Mike :-)
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Re: Ms. Morris invested in Fund A and Fund B. The total amount  [#permalink]

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New post 16 Nov 2012, 12:07
Could someone post the algebraic way please
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Re: Ms. Morris invested in Fund A and Fund B. The total amount  [#permalink]

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New post 16 Nov 2012, 13:07
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chibimoon wrote:
Could someone post the algebraic way please

A+B=100k
0.17B=0.23A+200=> -23A+17B=20000

from first equation 23A+23B=2300K
add above and eq2
40B=2320K
B=58K

A=100k-58k=42k
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Re: Ms. Morris invested in Fund A and Fund B. The total amount  [#permalink]

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New post 02 Feb 2013, 15:35
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chibimoon wrote:
Could someone post the algebraic way please


A+B=100,000

0.17B=0.23A+200

You now have two equations, so you can either substitute or eliminate. In the explanation above, elimination is used, here I use substitution (elimination is easier in this case)

Take away decimals first: 17B=23A+20,000

Isolate first equation to solve for A (your goal): B=100,000-A

Plug in for B:
17(100,000-A)=23A+20,000
1,700,000-17A=23A+20,000
1,680,000=40A
1,680,000/40=A
A=42,000=Answer Choice D
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Re: Ms. Morris invested in Fund A and Fund B. The total amount  [#permalink]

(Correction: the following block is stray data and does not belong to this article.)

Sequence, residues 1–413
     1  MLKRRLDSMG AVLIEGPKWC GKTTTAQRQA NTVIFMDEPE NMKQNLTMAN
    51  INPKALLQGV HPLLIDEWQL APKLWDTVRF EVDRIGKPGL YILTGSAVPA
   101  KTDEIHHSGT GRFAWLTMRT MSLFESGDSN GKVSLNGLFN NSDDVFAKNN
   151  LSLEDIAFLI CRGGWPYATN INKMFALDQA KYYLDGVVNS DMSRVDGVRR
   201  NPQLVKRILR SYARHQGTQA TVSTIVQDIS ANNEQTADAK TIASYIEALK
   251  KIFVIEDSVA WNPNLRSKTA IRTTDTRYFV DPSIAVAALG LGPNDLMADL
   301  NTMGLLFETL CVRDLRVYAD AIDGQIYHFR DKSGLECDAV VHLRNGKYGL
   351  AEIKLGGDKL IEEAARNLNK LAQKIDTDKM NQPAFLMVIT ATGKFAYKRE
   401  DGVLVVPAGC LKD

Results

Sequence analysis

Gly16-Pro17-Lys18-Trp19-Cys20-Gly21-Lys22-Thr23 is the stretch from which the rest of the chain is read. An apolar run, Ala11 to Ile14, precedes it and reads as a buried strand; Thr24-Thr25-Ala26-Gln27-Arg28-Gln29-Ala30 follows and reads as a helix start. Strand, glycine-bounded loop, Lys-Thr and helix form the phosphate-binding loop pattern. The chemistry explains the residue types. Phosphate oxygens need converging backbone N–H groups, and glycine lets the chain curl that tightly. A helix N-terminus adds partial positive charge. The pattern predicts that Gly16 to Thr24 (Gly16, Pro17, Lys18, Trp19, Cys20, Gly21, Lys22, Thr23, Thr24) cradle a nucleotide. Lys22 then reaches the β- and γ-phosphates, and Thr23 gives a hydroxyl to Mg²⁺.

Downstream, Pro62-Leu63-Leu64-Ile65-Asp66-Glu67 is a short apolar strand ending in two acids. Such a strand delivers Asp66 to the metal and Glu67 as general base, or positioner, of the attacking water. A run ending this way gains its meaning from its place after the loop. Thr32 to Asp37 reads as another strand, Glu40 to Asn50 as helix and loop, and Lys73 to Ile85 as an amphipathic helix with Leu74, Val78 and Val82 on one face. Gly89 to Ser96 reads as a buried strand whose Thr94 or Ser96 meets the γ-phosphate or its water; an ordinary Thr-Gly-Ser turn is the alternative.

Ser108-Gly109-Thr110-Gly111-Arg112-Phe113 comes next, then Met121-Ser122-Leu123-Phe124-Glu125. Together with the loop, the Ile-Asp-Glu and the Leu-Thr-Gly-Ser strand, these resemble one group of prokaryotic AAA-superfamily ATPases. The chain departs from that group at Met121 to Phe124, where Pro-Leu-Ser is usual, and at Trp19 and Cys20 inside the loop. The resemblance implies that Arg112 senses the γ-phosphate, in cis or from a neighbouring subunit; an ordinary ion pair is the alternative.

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New post 02 May 2013, 10:29
Here's another problem from that same article, one that's even less amenable to algebraic treatment.

If the sequence a(n) is defined as a(n) = \(n^2 + n + \sqrt{n+3}\), then which of the following values of n represents the first terms such that a(n) > 500?
(A) 13
(B) 22
(C) 33
(D) 46
(E) 78


OA = (B)


A full solution is shown at that that article:
http://magoosh.com/gmat/2012/gmat-plugg ... -choice-c/

Mike :-)
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Re: Ms. Morris invested in Fund A and Fund B. The total amount  [#permalink]

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New post 10 Sep 2016, 12:12
took some time as the numbers were high...
0.17B-0.23A = 200 | * 100
17B-23A=20,000
A+B=100,000
B=100,000 - A

17(100,000 - A) - 23A = 20,000
1,700,000 - 17A - 23A = 20,000
1,680,000 = 40A
divide by 40
first two digits: 42...so answer is D.
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Re: Ms. Morris invested in Fund A and Fund B. The total amount  [#permalink]

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New post 26 Sep 2016, 03:06
\(A + B = 100,000\)

\(0.17B = 0.23A + 200 ==> -23A + 17B = 20,000\)

For making our calculation easy, we can divide constant by factor of 1000 and get the result.


\(A + B = 100\)
==> \(17A + 17B = 1700\) --{i)
==> \(-23A + 17B = 20\) --(ii)

Subtract (ii) from (i)

17A - (-23A) = 1700-20

40A = 1680

A =\(\frac{168}{4}\)= 42.

A = 42,000
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Re: Ms. Morris invested in Fund A and Fund B. The total amount  [#permalink]

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Re: Ms. Morris invested in Fund A and Fund B. The total amount &nbs [#permalink] 18 Oct 2018, 20:02